Someone's already ready to sell, if anyone has a spare $2 million lying around. (I'll take a 10% finder's fee, thanks.)Last edited by slithernoggin, Thursday, August 7, 2014 4:46 PM
No, thanks. For 2 mil I desire my McMansion to have just a tish more space between it and the next one. Good lord, in that top photo on the Golden Oak website it looks like they practically share driveways. Disney must be running out of room.
I'm with you. But it seems increasingly rare to actually have some space between neighbors. I haven't seen a new development in our area at any price range that offers what I would consider a 'suitable' amount of space between houses.
Oh I know. I look around luxury neighborhoods like New Albany and those beautiful homes in those subdivisions are so close together it's shocking. I guess that's how developers squeeze one more house onto the block, right?
But that's the case with old developments as well. I live in an historic neighborhood and my house dates around 1895. We're in the process of a gut remodel of the upstairs and changing the back bedroom from a tiny dormer to a big master suite. When our contractor took the architect's plans to the city of Columbus we were told we had to apply for a variance due to the fact that our house sits 1.5 feet from the property line and they require 4 feet. We aren't changing the footprint of the original home a bit, just going "up" and doing extensive changes to the interior.
And here's the point. This was originally a simple worky-man neighborhood and the houses sit very close, and for some reason it doesn't bother me. But we're sitting in the 3's and 4's here for smallish homes and tiny lots in a cool hood close to downtown. Now, if I was going to spend 2 mil here in central Ohio I feel confident I could build a lavish house that includes everything I can think of with quite a bit of land around it. And get a couple of new cars, too. And a pool. And a greenhouse.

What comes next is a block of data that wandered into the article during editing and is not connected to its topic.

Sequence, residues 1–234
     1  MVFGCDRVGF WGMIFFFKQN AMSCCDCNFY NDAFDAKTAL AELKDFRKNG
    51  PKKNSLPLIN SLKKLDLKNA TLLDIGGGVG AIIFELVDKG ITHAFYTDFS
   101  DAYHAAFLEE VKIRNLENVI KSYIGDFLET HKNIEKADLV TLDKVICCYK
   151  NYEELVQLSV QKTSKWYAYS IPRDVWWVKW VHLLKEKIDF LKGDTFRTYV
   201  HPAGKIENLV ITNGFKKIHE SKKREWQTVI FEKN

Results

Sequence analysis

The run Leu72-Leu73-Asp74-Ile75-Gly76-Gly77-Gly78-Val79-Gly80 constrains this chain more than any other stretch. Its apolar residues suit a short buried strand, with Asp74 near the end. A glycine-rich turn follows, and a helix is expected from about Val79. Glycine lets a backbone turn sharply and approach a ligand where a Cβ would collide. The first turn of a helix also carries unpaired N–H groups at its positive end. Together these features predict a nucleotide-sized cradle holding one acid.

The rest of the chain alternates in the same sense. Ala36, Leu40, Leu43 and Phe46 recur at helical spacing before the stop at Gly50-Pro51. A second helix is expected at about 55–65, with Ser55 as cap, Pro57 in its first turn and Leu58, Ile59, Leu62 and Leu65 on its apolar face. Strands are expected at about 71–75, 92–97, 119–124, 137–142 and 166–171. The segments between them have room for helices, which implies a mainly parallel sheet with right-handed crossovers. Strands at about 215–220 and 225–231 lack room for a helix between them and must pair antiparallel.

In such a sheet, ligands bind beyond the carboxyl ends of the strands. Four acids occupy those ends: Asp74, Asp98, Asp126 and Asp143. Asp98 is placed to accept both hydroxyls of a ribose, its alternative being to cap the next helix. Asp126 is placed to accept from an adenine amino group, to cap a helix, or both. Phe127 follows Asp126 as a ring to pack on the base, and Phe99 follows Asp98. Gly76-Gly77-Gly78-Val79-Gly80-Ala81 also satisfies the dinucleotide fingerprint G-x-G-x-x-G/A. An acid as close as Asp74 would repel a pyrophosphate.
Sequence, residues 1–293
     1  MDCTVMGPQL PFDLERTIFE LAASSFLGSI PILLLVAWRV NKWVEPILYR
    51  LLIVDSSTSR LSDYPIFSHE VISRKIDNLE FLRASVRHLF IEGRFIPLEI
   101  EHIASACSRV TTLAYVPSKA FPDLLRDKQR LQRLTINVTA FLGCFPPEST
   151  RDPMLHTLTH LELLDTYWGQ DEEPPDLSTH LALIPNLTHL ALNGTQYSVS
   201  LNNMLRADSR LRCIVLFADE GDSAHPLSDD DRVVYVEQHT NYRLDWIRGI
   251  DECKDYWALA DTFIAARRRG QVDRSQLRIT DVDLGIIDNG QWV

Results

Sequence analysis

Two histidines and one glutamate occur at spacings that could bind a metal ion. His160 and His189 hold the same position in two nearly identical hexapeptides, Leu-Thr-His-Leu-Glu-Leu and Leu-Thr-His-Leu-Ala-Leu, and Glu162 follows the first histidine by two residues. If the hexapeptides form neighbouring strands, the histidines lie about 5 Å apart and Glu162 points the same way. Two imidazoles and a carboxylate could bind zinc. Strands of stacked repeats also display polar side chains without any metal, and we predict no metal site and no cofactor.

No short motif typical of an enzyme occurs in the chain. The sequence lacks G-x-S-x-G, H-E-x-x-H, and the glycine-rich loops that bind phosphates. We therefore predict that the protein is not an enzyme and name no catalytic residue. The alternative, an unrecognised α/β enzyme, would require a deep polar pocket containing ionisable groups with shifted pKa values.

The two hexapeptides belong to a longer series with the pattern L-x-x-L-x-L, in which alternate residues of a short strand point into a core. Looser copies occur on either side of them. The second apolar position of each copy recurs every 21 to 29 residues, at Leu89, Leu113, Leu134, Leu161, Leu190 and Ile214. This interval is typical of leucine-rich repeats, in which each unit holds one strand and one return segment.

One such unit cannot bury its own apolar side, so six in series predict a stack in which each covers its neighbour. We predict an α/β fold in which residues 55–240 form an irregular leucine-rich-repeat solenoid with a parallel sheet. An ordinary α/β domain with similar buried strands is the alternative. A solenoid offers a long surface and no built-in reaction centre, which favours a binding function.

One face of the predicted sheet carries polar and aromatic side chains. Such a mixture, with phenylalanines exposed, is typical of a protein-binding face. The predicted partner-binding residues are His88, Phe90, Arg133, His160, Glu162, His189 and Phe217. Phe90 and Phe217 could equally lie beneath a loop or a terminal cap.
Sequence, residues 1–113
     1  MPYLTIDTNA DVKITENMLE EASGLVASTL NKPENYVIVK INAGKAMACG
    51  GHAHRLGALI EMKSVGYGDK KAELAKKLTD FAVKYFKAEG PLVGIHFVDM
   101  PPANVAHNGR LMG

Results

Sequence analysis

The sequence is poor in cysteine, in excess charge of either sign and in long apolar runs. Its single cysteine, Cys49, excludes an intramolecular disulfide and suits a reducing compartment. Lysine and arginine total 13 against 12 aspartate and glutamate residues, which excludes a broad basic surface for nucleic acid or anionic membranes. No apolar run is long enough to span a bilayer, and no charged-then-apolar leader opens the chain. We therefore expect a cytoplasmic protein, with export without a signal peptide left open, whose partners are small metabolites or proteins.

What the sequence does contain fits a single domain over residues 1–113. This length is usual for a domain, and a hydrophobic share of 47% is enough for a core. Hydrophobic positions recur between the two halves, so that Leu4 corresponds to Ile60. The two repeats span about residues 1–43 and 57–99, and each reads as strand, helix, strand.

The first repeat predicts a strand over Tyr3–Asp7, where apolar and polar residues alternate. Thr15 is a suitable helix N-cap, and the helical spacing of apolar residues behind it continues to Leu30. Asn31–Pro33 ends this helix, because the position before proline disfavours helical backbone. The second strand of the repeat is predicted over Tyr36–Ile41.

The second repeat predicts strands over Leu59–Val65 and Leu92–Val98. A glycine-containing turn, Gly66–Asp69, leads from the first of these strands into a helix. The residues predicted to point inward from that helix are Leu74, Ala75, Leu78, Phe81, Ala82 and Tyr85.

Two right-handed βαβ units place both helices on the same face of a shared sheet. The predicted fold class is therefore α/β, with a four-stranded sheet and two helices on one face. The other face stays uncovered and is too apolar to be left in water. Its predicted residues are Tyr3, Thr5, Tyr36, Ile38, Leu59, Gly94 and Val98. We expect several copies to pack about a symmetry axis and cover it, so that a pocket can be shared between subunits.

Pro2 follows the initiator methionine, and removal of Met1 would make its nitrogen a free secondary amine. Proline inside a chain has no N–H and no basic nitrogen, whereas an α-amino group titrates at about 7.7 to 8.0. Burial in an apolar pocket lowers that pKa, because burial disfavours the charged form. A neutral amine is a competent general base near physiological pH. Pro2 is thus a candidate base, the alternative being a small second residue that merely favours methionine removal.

Btw, we're still fighting with the city. After waiting a month for the variance meeting, we got the rubber stamp (all they wanted was more money) and then were told we had to have our subcontractors plans on the blueprint as well, so the plumber, electrician, and furnace guys had to come in, a process that usually happens once the structure is framed up. Each time we walk in with a revised blueprint we get turned away for something else. And each time it costs us more money. Our contractor was able to proceed by pulling permits for exterior work, siding and new front porch, but that was supposed to be last and now we're faced with decisions we weren't ready to make and it's all bass-ackwards. No structural demo can be done yet as we still don't have a permit. I'm in remodel hell. Maybe shoulda "listed it" instead of "loved it", right?
And now I finally understand why people walk into places and just start shooting.